The pervasiveness of female in everyday vernacular isn’t a problem we can blame on rappers, and though I’m inclined to call for a ban on memes like #FemalesBeLike I know that’s not the answer either. And I certainly won’t argue that this behavior would go away if women stop answering to that label or referring to other women as such themselves because it’s time out for monkey-see-monkey-do ignorance. The bottom line is men need to take a look around. It’s “females” that are raising them. It’s “females” arguing their lives matter when police in cities all over the world demonstrate behavior to the contrary. It’s “females” who are raising their children and if that mother isn’t doing a good job, just know that reflects poorly on you as the father as well.

I’m not one to police words used in a moment of passion because in those times we tend to not be thinking clearly and virtually anything can come out of our mouths. But when, in casual conversation, the go-to word for members of the opposite sex among men has become “female” something is very wrong and the trickle down effect very grave. If, when in a sober state of mind, referring to women as nothing more than organisms that produce offspring is your M.O. you have a problem. It doesn’t matter if that’s all you heard growing up, it doesn’t matter if that’s all the men around you now say. If you want to call yourself a man, part of the responsibility of that title is to recognize your female counterpart as a woman. If no one ever told you that before today, let us be the first ones to spread the news. We are woman, not female, and if you keep referring to us as such you will hear us roar.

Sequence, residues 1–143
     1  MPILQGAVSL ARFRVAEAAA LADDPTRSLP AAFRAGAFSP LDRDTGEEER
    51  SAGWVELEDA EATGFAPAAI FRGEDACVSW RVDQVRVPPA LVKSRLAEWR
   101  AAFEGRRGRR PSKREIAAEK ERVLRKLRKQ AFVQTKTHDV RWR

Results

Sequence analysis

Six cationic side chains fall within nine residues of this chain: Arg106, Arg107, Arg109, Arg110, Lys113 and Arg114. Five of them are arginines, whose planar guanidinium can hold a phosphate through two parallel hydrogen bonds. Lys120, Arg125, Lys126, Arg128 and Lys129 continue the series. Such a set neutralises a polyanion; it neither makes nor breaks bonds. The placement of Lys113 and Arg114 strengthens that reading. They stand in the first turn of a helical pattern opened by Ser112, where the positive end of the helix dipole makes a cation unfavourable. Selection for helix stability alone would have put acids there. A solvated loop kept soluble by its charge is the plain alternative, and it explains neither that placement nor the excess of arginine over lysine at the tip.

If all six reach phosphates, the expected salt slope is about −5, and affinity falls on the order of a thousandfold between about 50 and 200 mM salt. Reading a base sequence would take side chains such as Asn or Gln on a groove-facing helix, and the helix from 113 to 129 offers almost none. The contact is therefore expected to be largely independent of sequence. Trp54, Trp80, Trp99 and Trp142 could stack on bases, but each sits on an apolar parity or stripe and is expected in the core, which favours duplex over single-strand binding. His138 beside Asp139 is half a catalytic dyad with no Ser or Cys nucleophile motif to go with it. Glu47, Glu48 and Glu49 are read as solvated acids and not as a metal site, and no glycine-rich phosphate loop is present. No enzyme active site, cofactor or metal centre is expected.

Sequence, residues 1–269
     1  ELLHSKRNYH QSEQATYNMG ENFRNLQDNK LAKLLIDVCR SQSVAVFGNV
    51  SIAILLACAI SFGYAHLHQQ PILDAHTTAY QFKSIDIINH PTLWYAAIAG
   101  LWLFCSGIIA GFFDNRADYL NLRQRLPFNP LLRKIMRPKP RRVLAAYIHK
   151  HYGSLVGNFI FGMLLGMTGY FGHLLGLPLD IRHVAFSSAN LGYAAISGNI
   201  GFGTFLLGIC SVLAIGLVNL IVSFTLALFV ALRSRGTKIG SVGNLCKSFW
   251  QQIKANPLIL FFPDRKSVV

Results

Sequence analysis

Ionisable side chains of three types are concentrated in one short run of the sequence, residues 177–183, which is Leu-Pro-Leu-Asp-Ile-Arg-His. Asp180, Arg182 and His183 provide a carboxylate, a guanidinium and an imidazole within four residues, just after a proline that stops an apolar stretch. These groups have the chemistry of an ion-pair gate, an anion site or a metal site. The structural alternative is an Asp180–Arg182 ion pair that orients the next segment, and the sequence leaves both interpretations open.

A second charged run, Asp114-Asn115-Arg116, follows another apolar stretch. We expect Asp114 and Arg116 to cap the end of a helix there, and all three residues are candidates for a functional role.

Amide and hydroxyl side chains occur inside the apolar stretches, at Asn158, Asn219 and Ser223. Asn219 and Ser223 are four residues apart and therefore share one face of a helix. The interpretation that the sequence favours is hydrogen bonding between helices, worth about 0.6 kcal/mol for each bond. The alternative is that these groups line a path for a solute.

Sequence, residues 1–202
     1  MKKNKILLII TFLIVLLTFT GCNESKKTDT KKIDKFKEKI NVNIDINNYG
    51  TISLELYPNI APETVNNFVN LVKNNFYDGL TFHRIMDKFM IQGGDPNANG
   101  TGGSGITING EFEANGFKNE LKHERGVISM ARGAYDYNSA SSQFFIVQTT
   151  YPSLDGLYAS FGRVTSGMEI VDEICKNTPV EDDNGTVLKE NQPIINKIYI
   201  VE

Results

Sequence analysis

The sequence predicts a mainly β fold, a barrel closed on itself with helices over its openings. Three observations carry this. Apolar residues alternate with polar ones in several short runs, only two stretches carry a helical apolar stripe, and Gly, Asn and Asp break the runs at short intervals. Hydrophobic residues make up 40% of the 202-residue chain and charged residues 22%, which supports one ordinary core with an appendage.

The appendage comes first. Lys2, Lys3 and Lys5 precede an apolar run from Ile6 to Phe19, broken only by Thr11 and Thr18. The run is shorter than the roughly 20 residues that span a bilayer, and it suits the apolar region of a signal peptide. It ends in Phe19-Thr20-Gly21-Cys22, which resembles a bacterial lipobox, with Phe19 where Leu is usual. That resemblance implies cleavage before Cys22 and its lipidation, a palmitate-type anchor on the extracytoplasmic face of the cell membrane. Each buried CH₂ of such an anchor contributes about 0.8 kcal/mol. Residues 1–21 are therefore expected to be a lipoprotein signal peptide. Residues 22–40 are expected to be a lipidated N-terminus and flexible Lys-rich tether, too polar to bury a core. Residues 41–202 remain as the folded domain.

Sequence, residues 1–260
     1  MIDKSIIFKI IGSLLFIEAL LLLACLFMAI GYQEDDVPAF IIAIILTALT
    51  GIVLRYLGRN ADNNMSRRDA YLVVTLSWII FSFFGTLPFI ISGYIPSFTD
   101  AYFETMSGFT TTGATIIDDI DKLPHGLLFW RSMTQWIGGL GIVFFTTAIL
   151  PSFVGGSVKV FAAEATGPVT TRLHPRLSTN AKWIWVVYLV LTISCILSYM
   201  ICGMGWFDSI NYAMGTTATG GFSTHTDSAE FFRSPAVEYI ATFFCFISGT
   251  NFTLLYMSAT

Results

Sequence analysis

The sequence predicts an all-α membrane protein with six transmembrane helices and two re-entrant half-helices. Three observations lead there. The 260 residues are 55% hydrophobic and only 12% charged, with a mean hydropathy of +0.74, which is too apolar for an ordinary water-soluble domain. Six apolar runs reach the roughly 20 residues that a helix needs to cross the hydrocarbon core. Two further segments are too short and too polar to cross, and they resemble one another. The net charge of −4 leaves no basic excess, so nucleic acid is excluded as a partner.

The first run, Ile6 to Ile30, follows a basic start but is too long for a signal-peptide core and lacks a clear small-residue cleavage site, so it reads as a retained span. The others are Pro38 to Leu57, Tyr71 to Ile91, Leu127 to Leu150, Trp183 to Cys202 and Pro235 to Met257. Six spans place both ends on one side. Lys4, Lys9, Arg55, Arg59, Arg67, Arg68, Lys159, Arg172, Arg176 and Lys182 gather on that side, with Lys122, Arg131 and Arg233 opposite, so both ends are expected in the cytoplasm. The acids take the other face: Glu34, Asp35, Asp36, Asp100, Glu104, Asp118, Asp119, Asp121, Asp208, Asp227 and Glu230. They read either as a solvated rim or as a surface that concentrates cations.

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  • Tanielle

    This doesn’t bother me at all. I think it is honestly just slang or the way certain black men and women speak. Mostly, those that are less educated. I have personally never heard anyone who doesn’t use a lot of slang or ebonics say this.

  • Zorino

    We can all thank Black Male American rappers for this trend. Saying female instead of woman is so popular even Black women use it too. Ok, some Black women.

    Really, it’s the whole English that has changed a great deal in the last 2 decades or so. And not always for the better. Bitch is synonymous with woman or girl now. Bad bitch is beautiful girl, etc. Nigga is the proverbial term of endearment.

    Although, saying male for men is not as pervasive as female, I also hear it in casual conversation and on African-American geared websites/blogs.

    Even as a Hip-Hop head I’m honest enough to say Black rappers have a lot to do with it.

  • Mitch

    I have never heard a black man refer to a black woman as a black female, even in the barber shop. Usually it goes semthing like …this woman that, that woman this, or those women. Actually, it sounds kinda strange when you say somthing like…..I saw this black female in the store today. So, the people that are saying this must be standing in front of the mirror practicing that word and posing at the same time.

  • Mitch

    “Remember back in the day on Saved by the Bell when Jessie would get on A.C. Slater about using the word “chick” and other slang terminology, instead of woman, to refer to her and her female classmates?” What!!!!!!!!!!! I just caught that.

  • 1911

    This is really silly! How is the term “female” derogatory? I cannot believe there’s an entire written article on a very non-issue. What’s next? Men will no longer be able to address women as: ma’am Miss, Ms., etc. Wow, just wow